[2] The Privacy Protection Law, 5741-1981, 35 LAWS OF THE STATE OF ISRAEL [LSI] 136 (5741-1980/81), as amended, up-to-date version available at NEVO LEGAL DATABASE, (in Hebrew; by subscription).

[3] Basic Law: Human Dignity and Liberty § 7, SH No. 1391, 5752 (Mar. 25, 1992), as amended.

[4] Id. § 8.

[5] Michael Birnhack & Niva Elkin-Koren, Does Law Matter Online? Empirical Evidence on Privacy Law Compliance, 17 MICH. TELECOMM. TECH. L. REV. 337, 351 (2011),

[6] Criminal Procedure (Enforcement Authorities–Telecommunication Data) Law, 5768-2007, SH No. 2122 p. 72.

[7] The Privacy Protection Law § 1.

[8] Note that references to “him” or “he” throughout this report are intended to be gender equal.

[9] Protection of Privacy Law (Amendment No. 11) 5771-2011, data/18/3/358_3_3.rtf; see Ruth Levush, Israel: Prohibition on Publishing Photos of Injured or Deceased, GLOBAL LEGAL MONITOR (Apr. 22, 2011), //

[10] The Privacy Protection Law §§ 2, 2A.

[11] Id. § 7.

[12] In a leading decision on interpretation of the authorities of the Registrar of Databases under the PPL, the Supreme Court determined that the Registrar’s authority to enforce the PPL enables him to check, at the time of registration, the legality of the collection, storage, and use of online data also under Chapter A, which deals with collection of data without consent, thereby applying Chapter A requirements to databases that are specifically regulated under Chapter B of the PPL.  CA 439/88 Database Registrar v. Ventura, 48(3) PD 808, 821 (1994).

[13] The Privacy Protection Law § 11.

[14] Id.§ 17C.

[15] Id.§ 17F.

[16] Id.

[17] Attorney General’s Directives Regarding Transfer of Information from Telephone Companies to Bodies with Investigation Authority 2 (Feb. 16, 2003, revised May 16, 2007), MINISTRY OF JUSTICE, (in Hebrew; translation by author).

[18] Id.

[19] Id. at 6 (translation by author).

[20] The Privacy Protection Law § 7.

[21] Id. § 8(d).

[22] Id. § 8(c).

[23] Id. § 7.

[24] Id. §§ 8(c), 17C.

[25] Id. §§ 9, 12, 23.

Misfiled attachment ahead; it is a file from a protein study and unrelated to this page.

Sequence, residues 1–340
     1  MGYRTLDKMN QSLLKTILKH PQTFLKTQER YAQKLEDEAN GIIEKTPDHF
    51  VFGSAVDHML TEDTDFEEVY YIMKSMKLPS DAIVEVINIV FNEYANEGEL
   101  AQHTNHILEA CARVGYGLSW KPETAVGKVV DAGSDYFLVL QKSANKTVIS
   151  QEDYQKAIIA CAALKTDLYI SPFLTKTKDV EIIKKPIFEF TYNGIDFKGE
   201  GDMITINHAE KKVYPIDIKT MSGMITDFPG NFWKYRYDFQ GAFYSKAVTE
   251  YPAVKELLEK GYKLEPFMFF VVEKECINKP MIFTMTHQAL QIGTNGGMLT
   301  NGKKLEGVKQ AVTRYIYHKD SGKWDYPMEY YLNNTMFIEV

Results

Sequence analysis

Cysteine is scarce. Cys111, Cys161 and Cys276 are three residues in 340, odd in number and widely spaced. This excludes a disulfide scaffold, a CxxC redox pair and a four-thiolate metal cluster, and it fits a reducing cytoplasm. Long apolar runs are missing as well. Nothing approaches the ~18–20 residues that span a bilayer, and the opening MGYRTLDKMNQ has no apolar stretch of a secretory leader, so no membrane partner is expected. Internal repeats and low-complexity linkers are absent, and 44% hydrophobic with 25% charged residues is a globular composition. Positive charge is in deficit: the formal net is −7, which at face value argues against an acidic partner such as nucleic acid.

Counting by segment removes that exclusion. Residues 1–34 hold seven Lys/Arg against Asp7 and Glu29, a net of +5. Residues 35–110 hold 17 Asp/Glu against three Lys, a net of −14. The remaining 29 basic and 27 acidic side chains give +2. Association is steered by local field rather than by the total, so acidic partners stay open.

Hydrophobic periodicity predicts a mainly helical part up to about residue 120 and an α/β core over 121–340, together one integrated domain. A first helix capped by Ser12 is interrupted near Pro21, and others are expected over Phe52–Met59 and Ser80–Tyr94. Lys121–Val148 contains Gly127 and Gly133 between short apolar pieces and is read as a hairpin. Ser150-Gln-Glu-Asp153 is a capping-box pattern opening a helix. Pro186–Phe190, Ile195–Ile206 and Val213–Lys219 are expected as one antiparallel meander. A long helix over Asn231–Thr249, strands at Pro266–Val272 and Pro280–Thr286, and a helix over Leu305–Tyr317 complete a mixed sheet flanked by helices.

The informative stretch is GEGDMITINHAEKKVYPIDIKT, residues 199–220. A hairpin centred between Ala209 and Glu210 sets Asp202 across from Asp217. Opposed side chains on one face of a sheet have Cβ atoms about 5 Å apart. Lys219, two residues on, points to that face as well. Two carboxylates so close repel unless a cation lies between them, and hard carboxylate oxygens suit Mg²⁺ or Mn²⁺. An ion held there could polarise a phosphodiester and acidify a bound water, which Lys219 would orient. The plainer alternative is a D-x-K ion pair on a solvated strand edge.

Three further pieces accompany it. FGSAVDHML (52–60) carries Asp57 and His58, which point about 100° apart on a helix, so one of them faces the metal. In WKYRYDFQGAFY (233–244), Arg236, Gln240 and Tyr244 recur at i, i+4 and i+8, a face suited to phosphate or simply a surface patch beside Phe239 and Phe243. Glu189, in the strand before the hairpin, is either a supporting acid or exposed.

[26] Id. §§ 12, 9.

[27] Id. § 13(a).

[28] Id. § 13(c).

[29] For information on the Mossad’s objectives see ISRAEL SECRET INTELLIGENCE SERVICE WEBSITE, (last visited May 7, 2012).

[30] The Privacy Protection Law §§ 13(e)(1), 19(c).

[31] Id. § 13(e)(1a, 3).

[32] Id. § 13(e)(3–6).

[33] See Letter from Yoram HaCohen, Registrar of Databases, to Attorney Doron Avni, Representative of Google in Israel, Approving a Request for Registration of Street View Data Database (Aug. 10, 2011), available at (in Hebrew). ILITA’s role and authority are discussed in more detail in Section III, “Role of Data Protection Agencies,” below.

[34] ILITA Authorized Google to Operate Street View in Israel, MINISTRY OF JUSTICE, ILITA, il/MOJEng/ILITA/News/googlestreetview.htm (last visited May 11, 2012).

[35] Id.

[36] Id.

[37] Prevention of Sexual Harassment Law, 5758-1998, SH 5758 No. 1661 p. 166 (1998), as amended.

[38] 38 Penal Law, 5737-1977, §§ 214, 368A, LSI SPECIAL VOLUME, as amended (hereinafter Penal Law).

[39] Id. § 34W.

[40] ILITA, Request for Comments: Ethical and Behavioral Rules for Database Owners Who Collect Information on Minors (Dec. 2010),

[41] The Privacy Protection Law § 4.

[42] Id. § 5.

[43] Id. § 29A.

[44] Id. § 18.

[45] Id. § 31A.

[46] Id. § 29.

[47] See Penal Law § 7.

[48] ILITA Authorized Google to Operate Street View in Israel, supra note 34.

[49] About ILITA, MINISTRY OF JUSTICE, ILITA, (last visited May 8, 2012).

[50] Id.

[51] Id.

[52] In its January 31, 2011, decision pursuant to Directive 95/46/EC of the European Parliament and of the Council on the adequate protection of personal data by the State of Israel with regard to automated processing of personal data, the European Commission held that “[f]or the purposes of Article 25(2) of Directive 95/46/EC, the State of Israel is considered as providing an adequate level of protection for personal data transferred from the European Union in relation to automated international transfers of personal data from the European Union or, where they are not automated, they are subject to further automated processing in the State of Israel.” Commission Decision of 31 January 2011, 2011 OFFICIAL JOURNAL OF THE EUROPEAN UNION (L 27) 39, (2011/61/EU).

[53] Id.

[54] Basic Law: Human Dignity and Liberty § 7, SH No. 1391, 5752 (Mar. 25, 1992), as amended.

[55] Id. § 8.

[56] HC 8070/98 Association for Human Rights in Israel v. Minister of Interior, 58(4) Piske Din [PD] [Decisions of the Supreme Court] 842 (2004).

[57] Id.

[58] Id. at 855.

[59] CA 86/89 State of Israel v. Bank HaPoalim, 24(2) PD 726, 731, para. 10 (5750/51-1990), as translated  by IAN BOURNE, A GUIDE TO DATA PROTECTION IN ISRAEL 9 (Twinning Project IS/2007/ENPAP/JH/019, Jan. 2010),  Note that Bourne translates the cited law’s name as the “Protection of Privacy Act” (PPA) rather than as the “Privacy Protection Law” (PPL).

[60] CA 439/88 Database Registrar v. Ventura, 48(3) PD 808, 821 (1994).

[61] CA 9893/06 Laufer v. State of Israel (Dec. 31, 2007), NEVO LEGAL DATABASE (by subscription).

[62] Request for CA 4447/07 Mor v. Barak ITC, para. 16 (Mar. 25, 2010), NEVO LEGAL DATABASE (by subscription; translation by author).

[63] BOURNE, supra note 59, at 20.



[66] Id. at 3, para. 1.

[67] Id. para. 2.

[68] ILITA, MINISTRY OF JUSTICE, supra note 65, at 3–4.

[69] Id.

[70] Request for Comments: Ethical and Behavioral Rules, supra note 40.


[72] Request for Comments: Ethical and Behavioral Rules, supra note 40.

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Last Updated: 12/30/2020